The wealth tax proposed by Sen. Elizabeth Warren could raise $2.75 trillion over 10 years according to one estimate, while critics say it would raise a fraction of that. (AP)
"I believe that the U.S. government has won the war over Americans having foreign financial assets," said Scott Michel of Caplin & Drysdale Chtd., who specializes in tax enforcement and controversy.
The wealth tax has surfaced following a wave of populism around the globe, and growing political focus on inequality in the U.S. and abroad. Supporters say that higher taxes on income or consumption aren't enough; to truly make the tax system progressive, the U.S. Internal Revenue Service must be empowered to go after the vast sums of wealth individuals can accumulate.
Warren's proposal would levy a 2% tax on household net worth above $50 million, and a 3% tax on net worth over $1 billion. While those amounts may seem paltry, it would add up to billions of lost dollars for some wealthy taxpayers, and could raise $2.75 trillion over 10 years, according to economists Gabriel Zucman and Emmanuel Saez, who have advised the Warren campaign.
Despite those eye-popping numbers, additional revenue for government isn't necessarily the point of a wealth tax. Zucman and Saez argue it will ultimately help level the economic playing field between the poor and the very rich, and will even restore faith in the political process by depriving well-heeled donors of dollars they could use for influence.
But the proposal, as well as Zucman and Saez's work, has drawn significant criticism from across the spectrum. Former Treasury Secretary Larry Summers and Natasha Sarin, a professor at the University of Pennsylvania Law School, using revenue figures from the U.S. estate tax, estimate that a wealth tax could raise as little as 15% of Zucman and Saez's prediction.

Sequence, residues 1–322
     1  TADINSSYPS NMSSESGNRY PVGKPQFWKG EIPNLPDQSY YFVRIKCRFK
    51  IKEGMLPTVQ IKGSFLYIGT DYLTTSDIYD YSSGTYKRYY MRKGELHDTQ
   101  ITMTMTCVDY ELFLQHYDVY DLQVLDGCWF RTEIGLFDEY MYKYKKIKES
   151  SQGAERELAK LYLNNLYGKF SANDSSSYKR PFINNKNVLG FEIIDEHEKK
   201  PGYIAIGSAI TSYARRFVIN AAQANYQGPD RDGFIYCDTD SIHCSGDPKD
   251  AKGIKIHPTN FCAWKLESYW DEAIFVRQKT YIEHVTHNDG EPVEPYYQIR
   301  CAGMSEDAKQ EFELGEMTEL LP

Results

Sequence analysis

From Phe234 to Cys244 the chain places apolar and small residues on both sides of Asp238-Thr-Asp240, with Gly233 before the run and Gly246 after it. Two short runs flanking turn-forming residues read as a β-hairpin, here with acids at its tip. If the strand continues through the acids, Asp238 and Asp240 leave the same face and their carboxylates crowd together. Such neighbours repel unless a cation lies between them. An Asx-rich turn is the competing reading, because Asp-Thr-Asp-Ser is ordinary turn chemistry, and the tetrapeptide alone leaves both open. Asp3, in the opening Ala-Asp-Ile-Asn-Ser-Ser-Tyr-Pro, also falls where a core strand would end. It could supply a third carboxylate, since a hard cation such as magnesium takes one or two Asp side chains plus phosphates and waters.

"As a matter of arithmetic, a great deal of the wealth that Saez and Zucman assume will be hit by their wealth tax is escaping the estate tax," Summers and Sarin wrote in an April Washington Post op-ed. "If our suspicion is correct, such a wealth tax will not yield the revenue that its proponents hope for, and that when actual scorekeepers score actual proposals, their estimates will disappoint advocates."
Evasion, or outright expatriation, were a primary reason why many other countries abandoned their wealth taxes, Summers and Sarin argued. Of the 12 countries in the Organization for Economic Cooperation and Development that enacted wealth taxes, only three continue to collect them today. Most recently, France narrowed its wealth tax in 2017 to include only real estate.
Saez and Zucman ultimately published a follow-up paper on Sept. 5, outlining further their case for a wealth tax. They argue that the administrative concerns are overblown, and that a fully funded and staffed IRS could track down the assets subject to a wealth tax.
They also argue that comparisons to Europe are flawed — the U.S. has taxed worldwide income of its citizens since the dawn of the income tax, and would initiate a wealth tax in a stronger position than France or Italy. In addition, the 2010 enactment of FATCA, which requires foreign banks to submit financial data about U.S. taxpayers with the IRS, sparked a global movement towards regular information exchange and tax transparency.